PKG Award Winner 2019: Sarah Tress (’19)


Know a public service rockstar? Nominations for the 2020 PKG Award are due by Friday, April 24th! 

Sarah Tress is known for many different things at MIT. She is the co-captain of the women’s club soccer team; she is a senior studying Mechanical Engineering, “the flexible option”, she says, course 2A with a self-directed concentration in what she calls “Design for Development”; she is a 2019 Rhodes Scholarship recipient; she is the founder of Loop, a low-cost inflatable seat cushion designed to prevent life threatening complications for wheelchair users in developing countries. It seems the list could go on, but what Tress is perhaps best known for is her striking humility.

Over her four years as an undergraduate student, Tress has marked herself not only as a dedicated scholar, but even more so as an impact-driven designer and engineer. Stemming from an early trip to India with MISTI shortly after her first year at MIT, Tress views her role through the lens of maximizing the impact she can have on any given community. “I don’t want to say that I wasn’t interested in public service before [that trip], but basically, I wasn’t,” she says, laughing a little as she notes how much her outlook has shifted. “I just didn’t have the drive to do it [public service] on my own time,” she says.

“Originally, I thought about pre-med or something,” Tress explains. “I was always thinking about helping people, but I didn’t have in my perspective: Oh, poverty is a thing I should worry about.” And then she went to India. Everything seemed to change with that trip. “I ended up taking a D-Lab class in my sophomore fall,” Tress says, wanting to continue to design with purpose when she returned from MISTI Abroad. The class was Mobility in the Developed World, and from it came the project that would define the next few years for Tress, both at MIT and beyond.

“After taking that class, I was getting more involved with research and doing research under the lecturer who taught the class,” Tress says. “He connected me with a bunch of NGOs to reach out to, and they gave me some ideas of really great projects that nobody was doing,” she explains of the earlier stages of her work. “They [the NGOs] said they really saw a need for a low-cost inflatable wheelchair seat cushion, so I just took that one,” Tress says simply. “It just seemed like it would have the most impact.”

And so, at the suggestion of one of these organizations, Tress took on a project that would soon turn into Loop, a life changing wheelchair seat cushion made out of bike inner tubes. Tress says she spent the rest of her undergraduate career devoted almost exclusively to this project, a project that would go on to win over forty thousand dollars in funding and become one of ten winners for the IDEAS Competition in 2018.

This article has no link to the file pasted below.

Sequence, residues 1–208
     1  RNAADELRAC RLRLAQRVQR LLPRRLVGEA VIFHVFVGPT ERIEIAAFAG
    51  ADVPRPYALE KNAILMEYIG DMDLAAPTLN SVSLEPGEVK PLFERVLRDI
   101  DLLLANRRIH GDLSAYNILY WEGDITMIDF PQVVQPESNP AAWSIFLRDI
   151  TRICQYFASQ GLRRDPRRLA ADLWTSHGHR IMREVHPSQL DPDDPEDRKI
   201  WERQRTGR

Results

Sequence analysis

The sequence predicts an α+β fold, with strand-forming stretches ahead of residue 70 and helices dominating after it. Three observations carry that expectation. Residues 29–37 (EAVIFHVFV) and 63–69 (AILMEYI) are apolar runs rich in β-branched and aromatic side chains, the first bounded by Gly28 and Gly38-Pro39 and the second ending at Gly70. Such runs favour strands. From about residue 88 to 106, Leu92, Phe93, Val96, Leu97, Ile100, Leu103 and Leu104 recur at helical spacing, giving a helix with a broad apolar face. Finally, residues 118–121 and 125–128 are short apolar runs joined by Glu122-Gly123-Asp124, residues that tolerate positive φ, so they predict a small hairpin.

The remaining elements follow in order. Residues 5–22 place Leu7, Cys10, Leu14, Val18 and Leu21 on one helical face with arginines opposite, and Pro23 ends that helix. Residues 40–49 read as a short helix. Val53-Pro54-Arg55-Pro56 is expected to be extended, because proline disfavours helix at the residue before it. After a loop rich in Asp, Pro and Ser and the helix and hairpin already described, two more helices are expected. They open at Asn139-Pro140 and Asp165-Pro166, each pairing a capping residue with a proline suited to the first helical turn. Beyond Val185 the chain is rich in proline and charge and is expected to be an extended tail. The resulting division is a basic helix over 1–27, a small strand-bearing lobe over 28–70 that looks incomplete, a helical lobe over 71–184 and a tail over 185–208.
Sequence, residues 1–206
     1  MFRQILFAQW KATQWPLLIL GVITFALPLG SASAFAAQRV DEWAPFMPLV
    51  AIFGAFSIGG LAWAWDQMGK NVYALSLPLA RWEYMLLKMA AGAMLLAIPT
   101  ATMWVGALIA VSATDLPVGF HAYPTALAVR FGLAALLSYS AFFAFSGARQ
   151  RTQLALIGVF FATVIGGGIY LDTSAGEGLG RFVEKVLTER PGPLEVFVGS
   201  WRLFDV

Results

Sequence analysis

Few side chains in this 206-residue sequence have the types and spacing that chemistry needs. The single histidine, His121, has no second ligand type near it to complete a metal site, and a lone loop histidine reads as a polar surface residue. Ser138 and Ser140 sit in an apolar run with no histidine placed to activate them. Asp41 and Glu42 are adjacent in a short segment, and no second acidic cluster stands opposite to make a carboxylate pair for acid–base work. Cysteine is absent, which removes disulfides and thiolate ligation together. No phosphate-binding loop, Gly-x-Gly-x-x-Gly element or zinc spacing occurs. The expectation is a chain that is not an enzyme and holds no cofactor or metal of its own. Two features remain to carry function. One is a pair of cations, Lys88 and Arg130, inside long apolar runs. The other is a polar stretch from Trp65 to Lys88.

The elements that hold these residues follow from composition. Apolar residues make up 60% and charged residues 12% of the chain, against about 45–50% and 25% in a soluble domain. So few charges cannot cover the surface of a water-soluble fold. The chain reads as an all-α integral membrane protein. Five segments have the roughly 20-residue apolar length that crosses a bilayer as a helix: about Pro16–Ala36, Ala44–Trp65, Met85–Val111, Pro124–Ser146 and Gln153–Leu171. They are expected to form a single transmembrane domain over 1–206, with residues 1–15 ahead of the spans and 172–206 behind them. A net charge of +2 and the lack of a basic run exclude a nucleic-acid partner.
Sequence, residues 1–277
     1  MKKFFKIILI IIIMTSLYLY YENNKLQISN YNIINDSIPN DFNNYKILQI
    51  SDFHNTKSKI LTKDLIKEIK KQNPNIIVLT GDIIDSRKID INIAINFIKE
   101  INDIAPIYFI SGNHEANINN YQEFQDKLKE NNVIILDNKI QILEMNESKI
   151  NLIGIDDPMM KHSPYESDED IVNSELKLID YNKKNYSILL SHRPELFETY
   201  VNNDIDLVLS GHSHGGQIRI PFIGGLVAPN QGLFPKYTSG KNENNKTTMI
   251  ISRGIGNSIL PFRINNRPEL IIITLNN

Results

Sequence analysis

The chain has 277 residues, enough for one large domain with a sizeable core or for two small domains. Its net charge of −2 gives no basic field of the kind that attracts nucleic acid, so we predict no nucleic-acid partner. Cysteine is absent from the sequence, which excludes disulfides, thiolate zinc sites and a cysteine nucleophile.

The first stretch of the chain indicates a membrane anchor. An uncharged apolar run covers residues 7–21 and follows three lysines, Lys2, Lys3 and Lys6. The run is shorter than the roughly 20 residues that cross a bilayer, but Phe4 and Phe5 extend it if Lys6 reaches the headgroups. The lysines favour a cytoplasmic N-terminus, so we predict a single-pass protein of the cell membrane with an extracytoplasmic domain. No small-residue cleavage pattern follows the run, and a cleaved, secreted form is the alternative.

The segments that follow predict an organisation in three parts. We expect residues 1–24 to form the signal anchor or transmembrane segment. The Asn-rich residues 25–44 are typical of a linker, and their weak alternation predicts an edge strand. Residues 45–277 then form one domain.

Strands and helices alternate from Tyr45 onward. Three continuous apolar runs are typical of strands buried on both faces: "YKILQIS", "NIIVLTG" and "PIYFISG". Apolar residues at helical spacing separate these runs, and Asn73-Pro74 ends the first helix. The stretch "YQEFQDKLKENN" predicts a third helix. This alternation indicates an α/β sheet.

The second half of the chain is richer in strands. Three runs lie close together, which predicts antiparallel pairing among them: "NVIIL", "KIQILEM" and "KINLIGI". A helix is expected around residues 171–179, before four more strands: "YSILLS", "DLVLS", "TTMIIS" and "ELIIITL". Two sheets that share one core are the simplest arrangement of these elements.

“There are just so many reasons,” Tress says when asked why Loop is so important to her, why it has come to dominate her independent study for the better part of three years. “First and foremost was that I just wanted to do something,” she says. “I didn’t want to spend my summers just going to some internship where I make the tiniest change… I just felt like if I could do something that had a lot of impact, I might as well.” And so, she did. The first time she went to southeast Asia, she went alone, a hard decision and a challenging experience, but a rewarding one. And when Tress returned to the states for her third year at MIT, she was able to start prototyping.

“When I finally started getting a prototype together, and when I was finally able to show that prototype to people,” she explains, “it was clear that it was something that people really wanted and that would make a noticeable change. That,” she says, “is really what keeps me going at this.” And while Tress is loyal to Loop and committed to pursuing engineering that can have that direct human impact, she is also interested in thinking on a more macro level in the work she does moving forward. “I think, overall, it [Loop] has given me insight to the things I don’t know yet,” Tress says.

From teaching her how to lead a team; and teaching her how to lead herself; and teaching her how to design with purpose; and teaching her how to think critically about large-scale issues; Loop has also taught Tress that there is always more to learn. “It’s given me a place to start and really see the questions I want answered.” To answer these big questions—questions like “How do you end poverty?”—Tress will spend the next chapter of her academic career thinking more systematically, working on the back end of these issues. “I do think there’s a lot that can be done with engineering solutions, but I’m not sure it actually solves the route issues,” Tress explains.

Tress will spend the next two years at least pursuing her graduate degree, where she will seek out answers to those big questions, and start to figure out exactly how she wants to start addressing the challenges inherent in poverty. “Not only, as an able-bodied person, do I not think about the challenges that wheelchair users face, but even more so,” Tress says, “I don’t think about the issues that wheelchair users in developing countries face. It’s a completely different set of problems.” It’s a set of problems Tress seeks to understand more deeply so that she can truly face them.

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